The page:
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Conservative Party Leader Andrew Scheer speaks in the House of Commons in Ottawa on June 13, 2017.

Sean Kilpatrick/THE CANADIAN PRESS

Conservative Leader Andrew Scheer says he won't be proposing specific economic policies for months but portrayed himself as a free-market enthusiast who can help sell the party's fiscal message with compassion.

In his first major speech at the Economic Club of Canada in Toronto on Thursday, Mr. Scheer laid out his broad financial vision for the party but also said Conservatives need to work harder to sell that vision to more Canadians.

But just how Mr. Scheer's Conservative Party plans to lead Canada out of billions in deficits and cut taxes won't be detailed until closer to the October, 2019, election.

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"We've got a little over 24 months until the next election is expected, so we'll be unveiling what we believe the next campaign should be fought on in the months to come," Mr. Scheer said.

For subscribers: How Maxime Bernier lost and Andrew Scheer won the Conservative leadership

Mr. Scheer said in order to lay the groundwork for the next election, the party has to do two things: fight the "lie of the left" and articulate a "positive vision" of conservatism that will resonate with the public.

Mr. Scheer defined the "lie of the left" as policies that hurt those they claim to help, such as high hydro rates or the carbon tax, which he said will make life harder for middle- and lower-income families. He also took aim at the Liberal government's $35-billion infrastructure bank, which the Senate is now considering removing from the budget for further study.

Much of the morning speech was focused on differentiating himself from Prime Minister Justin Trudeau and the Liberals, whom Mr. Scheer described as "economic busybodies" who want to exert control over the economy.

"I do believe that the Prime Minister and I agree on one thing: that businesses should be able to make money. But where we disagree is the how," Mr. Scheer said.

"I believe in a free market where businesses profit by having the best product or service. He believes in a government-directed economy where governments pick winners and losers and only those with strong partisan ties can count on receiving favours."

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Still, Mr. Scheer acknowledged that in order to win, the Conservative Party needs to present a softer, more personable image that resonates with a broader public.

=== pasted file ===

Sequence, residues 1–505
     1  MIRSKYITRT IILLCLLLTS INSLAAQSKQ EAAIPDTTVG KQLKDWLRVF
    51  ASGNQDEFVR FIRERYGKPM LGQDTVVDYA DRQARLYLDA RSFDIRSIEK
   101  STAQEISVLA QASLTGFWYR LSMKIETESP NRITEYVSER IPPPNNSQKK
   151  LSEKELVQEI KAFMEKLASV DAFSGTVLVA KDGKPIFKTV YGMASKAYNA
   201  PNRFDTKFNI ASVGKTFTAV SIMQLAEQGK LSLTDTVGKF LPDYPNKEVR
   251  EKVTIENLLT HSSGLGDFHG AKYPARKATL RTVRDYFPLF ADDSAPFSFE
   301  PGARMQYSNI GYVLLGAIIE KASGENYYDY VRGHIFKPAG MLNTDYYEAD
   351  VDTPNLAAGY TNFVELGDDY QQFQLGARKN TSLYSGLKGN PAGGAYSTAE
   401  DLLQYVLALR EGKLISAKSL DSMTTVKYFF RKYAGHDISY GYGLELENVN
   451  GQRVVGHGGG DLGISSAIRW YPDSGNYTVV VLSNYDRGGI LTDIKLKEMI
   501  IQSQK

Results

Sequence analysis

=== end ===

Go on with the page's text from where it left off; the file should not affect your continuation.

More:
"Often, Conservatives go right to results, whereas Liberals like to concentrate on intentions. And the problem with the left's approach is that they stop at intentions," Mr. Scheer said.

"Conservatives have an equally important problem that we have to address, and that's what I'd like to do over the next two years and beyond. And that's to show that we too have those same intentions. The left should not have a monopoly on things like compassion."

Mr. Scheer surprised many in the party when he won the May 27 leadership with 51 per cent of the vote, compared with 49 per cent for front-runner Maxime Bernier. Following the win, members of Mr. Bernier's team expressed concerns about the voting process, questioning why there appeared to be thousands more ballots cast than the numbers of voters on the list provided to the campaigns. Former MP Jay Hill, a senior member of Mr. Bernier's campaign, said he never received his ballot and slammed the process as a "fiasco."

Since then, Mr. Bernier has publicly pledged his support to Mr. Scheer. In his speech, Mr. Scheer repeatedly said the party and caucus are united.

In a follow-up question-and-answer session, Mr. Scheer acknowledged that his support for dairy and poultry price regulation through supply management – which Mr. Bernier rejected – helped seal the win. He also compared himself with former prime minister Stephen Harper, whom he credited with an ability to "unite the movement and unite the party."

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"That comes in trusting our members, and our members have consistently endorsed the supply management position," Mr. Scheer said. He also said the party needs to better resonate with young people, arguing that Canadians are more conservative than they realize.

"We can't just say well we lost the last election so let's change what we're offering Canadians. I believe we have to do it in a way where it is cool to be Conservative," he said.

The 38-year-old married father of five spent the first few minutes of his speech talking about his family and joked that he would be able to better represent young people in Parliament.

"I'm certainly much, much younger than the Prime Minister," he said about the 45-year-old Mr. Trudeau.

"I think it's finally time that my generation has a voice in Parliament."

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